CHICAGO – Earlier this year, Erkin Peksoz wanted a COVID-19 vaccine so badly that he drove 640 miles round trip from Chicago to Quincy to get a Johnson & Johnson shot.
Peksoz was happy with that decision — until recently, when the more contagious delta variant of the virus emerged. Now, he’d like to get a shot of a Moderna or Pfizer vaccine, in hopes of increasing his protection.
“Until delta, I was not worried at all,” said Peksoz, a consumer data consultant. “I feel like I’m half-vaccinated now.”
In clinical trials before the delta variant began to spread, the Johnson & Johnson vaccine was found to be 66 percent effective at preventing COVID-19, while Pfizer and Moderna were 95 percent and 94 percent, respectively, although all three were found to be highly effective at preventing hospitalization and death from the illness.
The Centers for Disease Control and Prevention and most experts are not recommending that people who received Johnson & Johnson vaccines, or any other vaccine, get booster shots. Still, a number of individuals who got Johnson & Johnson shots are starting to wonder if a booster might be a good idea, given the rapid spread of the delta variant, a handful of experts who’ve publicly recommended it and what they’re seeing in other countries.
It’s become a topic of discussion on social media, and patients are asking their doctors for advice. Some have already gone to local pharmacies and gotten Moderna and Pfizer vaccines, even though they previously received Johnson & Johnson shots.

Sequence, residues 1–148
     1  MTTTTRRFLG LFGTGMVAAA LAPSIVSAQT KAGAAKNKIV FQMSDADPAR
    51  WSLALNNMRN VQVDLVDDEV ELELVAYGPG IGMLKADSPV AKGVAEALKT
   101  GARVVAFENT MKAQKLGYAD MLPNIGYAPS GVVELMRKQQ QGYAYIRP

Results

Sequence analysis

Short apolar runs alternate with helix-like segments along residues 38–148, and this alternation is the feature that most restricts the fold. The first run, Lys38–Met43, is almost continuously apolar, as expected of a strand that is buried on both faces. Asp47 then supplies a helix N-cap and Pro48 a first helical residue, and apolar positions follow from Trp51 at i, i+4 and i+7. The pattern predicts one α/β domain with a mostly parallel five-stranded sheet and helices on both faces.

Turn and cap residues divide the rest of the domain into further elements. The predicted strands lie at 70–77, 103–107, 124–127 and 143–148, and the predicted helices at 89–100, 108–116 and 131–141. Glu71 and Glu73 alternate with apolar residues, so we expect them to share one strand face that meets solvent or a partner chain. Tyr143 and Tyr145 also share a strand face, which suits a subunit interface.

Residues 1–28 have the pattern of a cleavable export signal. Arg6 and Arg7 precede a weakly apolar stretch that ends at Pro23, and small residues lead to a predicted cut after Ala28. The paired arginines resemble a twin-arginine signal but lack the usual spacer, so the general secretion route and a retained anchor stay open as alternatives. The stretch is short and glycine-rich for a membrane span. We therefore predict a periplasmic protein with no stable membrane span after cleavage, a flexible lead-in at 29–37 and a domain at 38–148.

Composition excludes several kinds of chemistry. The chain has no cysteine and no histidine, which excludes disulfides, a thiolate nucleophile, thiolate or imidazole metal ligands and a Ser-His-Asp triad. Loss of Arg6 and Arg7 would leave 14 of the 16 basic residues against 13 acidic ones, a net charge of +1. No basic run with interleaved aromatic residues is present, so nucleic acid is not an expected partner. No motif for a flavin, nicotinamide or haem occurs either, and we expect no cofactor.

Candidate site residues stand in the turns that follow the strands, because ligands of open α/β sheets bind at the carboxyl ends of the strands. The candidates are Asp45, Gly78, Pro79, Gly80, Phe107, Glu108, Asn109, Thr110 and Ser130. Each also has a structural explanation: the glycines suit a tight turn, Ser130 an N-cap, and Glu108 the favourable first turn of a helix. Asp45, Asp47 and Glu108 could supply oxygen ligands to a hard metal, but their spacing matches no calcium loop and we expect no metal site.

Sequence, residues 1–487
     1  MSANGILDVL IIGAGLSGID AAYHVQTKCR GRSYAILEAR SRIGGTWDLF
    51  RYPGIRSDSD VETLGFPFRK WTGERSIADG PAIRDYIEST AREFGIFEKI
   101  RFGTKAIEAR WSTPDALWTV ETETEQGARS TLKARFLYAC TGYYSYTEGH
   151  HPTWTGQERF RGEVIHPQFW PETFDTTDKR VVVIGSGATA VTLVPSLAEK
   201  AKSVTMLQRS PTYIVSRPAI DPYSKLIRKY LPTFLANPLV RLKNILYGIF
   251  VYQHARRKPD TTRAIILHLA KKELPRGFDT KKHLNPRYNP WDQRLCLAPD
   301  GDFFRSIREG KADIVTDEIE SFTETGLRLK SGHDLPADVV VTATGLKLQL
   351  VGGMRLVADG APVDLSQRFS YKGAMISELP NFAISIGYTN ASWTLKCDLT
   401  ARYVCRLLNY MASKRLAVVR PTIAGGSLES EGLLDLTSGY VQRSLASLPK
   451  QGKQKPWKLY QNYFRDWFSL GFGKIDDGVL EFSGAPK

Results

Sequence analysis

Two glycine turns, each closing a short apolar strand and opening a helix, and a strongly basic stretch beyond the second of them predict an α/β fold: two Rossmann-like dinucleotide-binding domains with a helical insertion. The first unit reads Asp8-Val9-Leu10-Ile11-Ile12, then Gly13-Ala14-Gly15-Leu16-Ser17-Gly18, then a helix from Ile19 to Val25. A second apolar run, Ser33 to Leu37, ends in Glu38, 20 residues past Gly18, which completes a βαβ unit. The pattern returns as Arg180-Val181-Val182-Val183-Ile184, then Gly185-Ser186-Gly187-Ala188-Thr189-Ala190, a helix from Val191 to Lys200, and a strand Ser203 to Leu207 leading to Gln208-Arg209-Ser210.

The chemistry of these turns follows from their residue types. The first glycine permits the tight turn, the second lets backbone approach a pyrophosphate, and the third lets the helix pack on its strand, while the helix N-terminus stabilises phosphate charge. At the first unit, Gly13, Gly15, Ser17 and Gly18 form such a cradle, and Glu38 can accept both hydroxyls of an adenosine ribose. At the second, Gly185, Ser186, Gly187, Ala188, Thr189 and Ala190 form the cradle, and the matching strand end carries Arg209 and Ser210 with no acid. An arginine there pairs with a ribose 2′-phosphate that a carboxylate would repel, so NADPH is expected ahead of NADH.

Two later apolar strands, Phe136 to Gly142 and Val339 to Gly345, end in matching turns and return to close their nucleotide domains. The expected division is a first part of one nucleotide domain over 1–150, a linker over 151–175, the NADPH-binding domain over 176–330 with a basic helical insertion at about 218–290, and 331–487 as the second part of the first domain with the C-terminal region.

“We’re well aware of this going on,” said Dr. Mia Taormina, chair of the department of infectious disease at DuPage Medical Group. “What’s happening here is people are not being forthcoming. They’ve received Johnson & Johnson, they’re worried, and they’re just showing up at CVS and Walgreens and not even disclosing they received the Johnson & Johnson (vaccine).”
Both CVS Health and Walgreens say they follow CDC guidance, but neither answered questions about whether they have any way of knowing if a person seeking a vaccine has already been vaccinated. Illinois’ largest health insurer, Blue Cross and Blue Shield of Illinois, said it isn’t aware of any claims for vaccines being denied because the second dose of a vaccine came from a different manufacturer than the first.
Doctors say there are good reasons for people to follow CDC guidance and not seek out boosters for Johnson & Johnson vaccines now.
“If you’re under 65, and you’re otherwise healthy, in all probability you’ve developed protective antibodies,” Taormina said.
Also, it’s unknown whether getting a Pfizer or Moderna vaccine, on top of Johnson & Johnson, might cause problems, said Dr. Michael Angarone, an associate professor in the department of medicine and division of infectious diseases at Northwestern University Feinberg School of Medicine.
“We know that vaccines are not without side effects,” Angarone said. He worries that for people who have autoimmune diseases, extra doses of vaccine could trigger flare-ups of those illnesses. “I think when we don’t know the benefit, and we know there’s potential risk, in my mind, that is a risk I don’t think we want to put people under.”